Stuart was held by some to have exhibited qualities on May 3 that marked him as the best man in the army to be retained permanently in the command he had assumed on the night of May 2, after both Jackson and A. P. Hill had been wounded.10 There is a hint in one of Lee's dispatches indicating that Stuart thought Lee had not been satisfied with his handling of the infantry that day because Lee had not publicly commended him;11 but as Stuart recommended some one else for succession to Jackson's corps,12 it is hardly probable that he regarded himself as in line of promotion for that post. So far as the evidence shows, Lee did not consider him. This doubtless was because he regarded Stuart as indispensable where he was. Neither Wade Hampton nor Fitz Lee, who were the senior brigadiers in the cavalry, had then shown much of Stuart's extraordinary skill in intelligence service, which was perhaps his most useful contribution to the Army of Northern Virginia. Even had they been ready for promotion, it is hardly probable that Lee would have considered them. He would never willingly have supplanted Stuart, because he believed a general of infantry could more nearly take Jackson's place at the head of the Second Corps than any one else could perform for the army the service that Stuart was rendering. It must, however, remain a tantalizing subject of speculation what the result would have been if Lee's choice had fallen on Stuart, for Stuart would have fought furiously at Gettysburg, and no new commander of the cavalry would have ventured on the raid that deprived Lee of part of his cavalry during that campaign.
A. P. Hill, Ewell, Anderson, Hood, D. H. Hill, Stuart — the choice narrowed down to A. P. Hill and Ewell. In reality, it was hardly a choice, because Lee had long considered the corps too large to be handled by one man in the tangled country through which the army operated. He had long desired to p11 increase the number of corps and would have done so earlier had he been able to decide upon suitable commanders.13 He determined now to make the best of the dark necessity and to reorganize the army into three corps. Longstreet, of course, was to remain at the head of the First Corps; to Ewell, as Jackson's lieutenant, the Second Corps was to be entrusted, and for A. P. Hill a Third Corps was to be created. On May 20 Lee submitted the proposal to the President, and commended Hill and Ewell to his consideration.14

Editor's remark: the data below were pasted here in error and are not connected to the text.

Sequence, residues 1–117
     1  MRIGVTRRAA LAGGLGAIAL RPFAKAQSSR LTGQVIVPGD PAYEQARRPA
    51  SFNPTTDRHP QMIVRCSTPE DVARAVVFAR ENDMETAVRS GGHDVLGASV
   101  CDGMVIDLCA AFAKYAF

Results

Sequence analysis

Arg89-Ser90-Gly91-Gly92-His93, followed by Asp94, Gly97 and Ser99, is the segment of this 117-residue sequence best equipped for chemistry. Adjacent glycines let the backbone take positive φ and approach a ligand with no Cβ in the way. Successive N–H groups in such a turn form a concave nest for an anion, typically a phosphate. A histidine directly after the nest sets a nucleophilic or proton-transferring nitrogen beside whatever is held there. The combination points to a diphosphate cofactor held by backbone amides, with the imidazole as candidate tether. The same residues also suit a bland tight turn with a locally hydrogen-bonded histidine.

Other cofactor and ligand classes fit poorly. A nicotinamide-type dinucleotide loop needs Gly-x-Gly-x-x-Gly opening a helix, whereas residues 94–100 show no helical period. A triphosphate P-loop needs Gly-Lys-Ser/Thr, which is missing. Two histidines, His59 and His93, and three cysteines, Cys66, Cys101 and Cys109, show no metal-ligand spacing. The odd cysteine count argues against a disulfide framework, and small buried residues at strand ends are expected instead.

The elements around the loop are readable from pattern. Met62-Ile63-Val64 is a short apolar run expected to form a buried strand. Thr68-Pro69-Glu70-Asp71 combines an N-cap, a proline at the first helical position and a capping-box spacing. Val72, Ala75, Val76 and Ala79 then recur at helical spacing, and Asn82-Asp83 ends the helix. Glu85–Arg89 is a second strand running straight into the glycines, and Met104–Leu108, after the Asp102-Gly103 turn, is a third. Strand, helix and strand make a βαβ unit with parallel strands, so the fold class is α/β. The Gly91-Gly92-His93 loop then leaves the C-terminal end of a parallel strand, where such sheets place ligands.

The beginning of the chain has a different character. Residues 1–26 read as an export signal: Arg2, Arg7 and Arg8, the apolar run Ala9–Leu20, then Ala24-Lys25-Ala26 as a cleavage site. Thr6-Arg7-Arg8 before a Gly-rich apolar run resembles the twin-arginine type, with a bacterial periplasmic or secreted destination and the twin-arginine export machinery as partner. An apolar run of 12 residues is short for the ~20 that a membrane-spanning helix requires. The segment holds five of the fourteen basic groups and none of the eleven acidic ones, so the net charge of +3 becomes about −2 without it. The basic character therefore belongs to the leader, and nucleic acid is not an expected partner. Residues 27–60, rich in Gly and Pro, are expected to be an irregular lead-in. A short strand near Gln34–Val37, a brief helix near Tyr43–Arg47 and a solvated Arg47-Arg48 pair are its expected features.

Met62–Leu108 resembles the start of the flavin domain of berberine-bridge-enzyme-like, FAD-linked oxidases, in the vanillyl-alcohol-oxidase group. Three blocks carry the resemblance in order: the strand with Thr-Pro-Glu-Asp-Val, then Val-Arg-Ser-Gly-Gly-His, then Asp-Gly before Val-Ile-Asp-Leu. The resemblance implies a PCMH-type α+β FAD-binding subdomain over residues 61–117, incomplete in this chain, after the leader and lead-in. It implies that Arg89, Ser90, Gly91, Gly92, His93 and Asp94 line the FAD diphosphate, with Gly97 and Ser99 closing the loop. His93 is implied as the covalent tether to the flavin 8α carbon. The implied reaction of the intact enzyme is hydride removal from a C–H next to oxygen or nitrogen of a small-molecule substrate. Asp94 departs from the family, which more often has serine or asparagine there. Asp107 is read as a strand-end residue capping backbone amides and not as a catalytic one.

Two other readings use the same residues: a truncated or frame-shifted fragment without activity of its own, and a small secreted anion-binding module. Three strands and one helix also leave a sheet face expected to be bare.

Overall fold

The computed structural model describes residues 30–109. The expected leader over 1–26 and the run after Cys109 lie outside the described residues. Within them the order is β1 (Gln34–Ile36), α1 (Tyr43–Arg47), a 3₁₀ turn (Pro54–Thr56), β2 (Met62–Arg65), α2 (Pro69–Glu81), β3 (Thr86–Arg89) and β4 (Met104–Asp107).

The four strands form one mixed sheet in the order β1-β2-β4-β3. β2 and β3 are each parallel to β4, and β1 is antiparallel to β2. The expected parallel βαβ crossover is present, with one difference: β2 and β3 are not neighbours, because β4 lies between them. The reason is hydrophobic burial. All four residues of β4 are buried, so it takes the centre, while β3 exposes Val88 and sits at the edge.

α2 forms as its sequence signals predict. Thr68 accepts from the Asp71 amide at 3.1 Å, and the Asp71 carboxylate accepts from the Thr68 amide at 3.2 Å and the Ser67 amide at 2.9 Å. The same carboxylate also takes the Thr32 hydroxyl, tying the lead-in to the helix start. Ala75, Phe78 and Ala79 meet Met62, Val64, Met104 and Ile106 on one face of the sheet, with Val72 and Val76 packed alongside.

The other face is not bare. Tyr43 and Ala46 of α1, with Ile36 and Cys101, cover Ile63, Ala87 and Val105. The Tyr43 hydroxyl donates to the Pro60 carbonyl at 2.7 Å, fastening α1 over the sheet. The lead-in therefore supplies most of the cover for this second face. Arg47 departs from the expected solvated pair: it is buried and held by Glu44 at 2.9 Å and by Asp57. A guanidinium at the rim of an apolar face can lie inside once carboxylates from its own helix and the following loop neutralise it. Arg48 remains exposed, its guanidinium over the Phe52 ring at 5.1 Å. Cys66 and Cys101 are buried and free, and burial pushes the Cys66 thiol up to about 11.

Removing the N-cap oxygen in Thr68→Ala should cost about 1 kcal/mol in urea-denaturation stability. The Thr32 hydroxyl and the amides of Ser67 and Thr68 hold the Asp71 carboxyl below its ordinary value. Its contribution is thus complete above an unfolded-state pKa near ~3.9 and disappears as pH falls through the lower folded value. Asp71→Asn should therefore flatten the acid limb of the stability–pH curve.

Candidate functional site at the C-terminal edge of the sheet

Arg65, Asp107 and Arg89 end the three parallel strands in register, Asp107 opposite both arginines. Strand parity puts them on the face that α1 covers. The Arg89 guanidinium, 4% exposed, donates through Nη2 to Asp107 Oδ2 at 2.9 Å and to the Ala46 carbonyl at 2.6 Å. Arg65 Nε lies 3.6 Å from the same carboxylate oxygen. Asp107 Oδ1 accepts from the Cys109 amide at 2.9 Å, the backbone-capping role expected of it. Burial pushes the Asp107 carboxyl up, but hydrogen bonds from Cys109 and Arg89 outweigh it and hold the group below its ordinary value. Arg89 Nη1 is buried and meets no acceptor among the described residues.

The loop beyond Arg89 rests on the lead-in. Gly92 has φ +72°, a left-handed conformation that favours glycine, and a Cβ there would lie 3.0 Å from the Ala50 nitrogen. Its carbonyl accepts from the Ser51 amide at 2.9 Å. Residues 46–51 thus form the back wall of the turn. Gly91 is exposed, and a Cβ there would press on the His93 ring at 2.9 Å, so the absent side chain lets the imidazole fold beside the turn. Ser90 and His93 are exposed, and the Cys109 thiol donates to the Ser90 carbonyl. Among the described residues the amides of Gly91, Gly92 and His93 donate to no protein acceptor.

LIEUTENANT GENERAL AMBROSE P. HILL, PROMOTED AFTER CHANCELLORSVILLE TO COMMAND THE NEWLY CREATED THIRD CORPS, ARMY OF NORTHERN VIRGINIA
Hill was then 38, of a nervous temperament, quick and impetuous. He was a handsome man of middle height, with hair a reddish brown.º
The promotion of A. P. Hill and of Ewell being promptly authorized by Mr. Davis,18 Lee decided to apportion his troops equitably among the three corps he proposed to set up. The army consisted at the time of eight divisions, including the two of Longstreet's that had been sent to Southside Virginia. Jackson had commanded four — A. P. Hill's, D. H. Hill's,19 Early's, and Trimble's, the last led at Chancellorsville by Colston. Longstreet had McLaws's, Pickett's, Hood's, and R. H. Anderson's. To rearrange these two in three corps of three divisions each, Lee had to take one division from Longstreet and one from Jackson's old corps, and had to form a new ninth division. He decided to transfer Anderson from Longstreet and A. P. Hill's former division from the Second Corps and to give these two to A. P. Hill for his new Third Corps. As A. P. Hill's division had consisted of six brigades, Lee separated two of these from their former comrades. He made up the ninth division with these two and with the brigades of Pettigrew and Davis which he received from North Carolina in return for brigades he had previously detached.
Lee, it will be recalled, had already promoted Rodes to D. H. Hill's old division, and Edward Johnson he had assigned to the division formerly commanded by Trimble. Colston, temporary p13 commander of that division at Chancellorsville, he now relieved. This arrangement necessitated the selection of two new division commanders, one to succeed A. P. Hill and the other for the new division. After some rather confused correspondence with the War Department and the President, during which Mr. Davis became irritated, Lee named Harry Heth for one of Hill's divisions and W. D. Pender of North Carolina for the other.20 Numerous promotions to succeed brigadier generals killed or disabled at Chancellorsville, or found incompetent, had likewise to be made.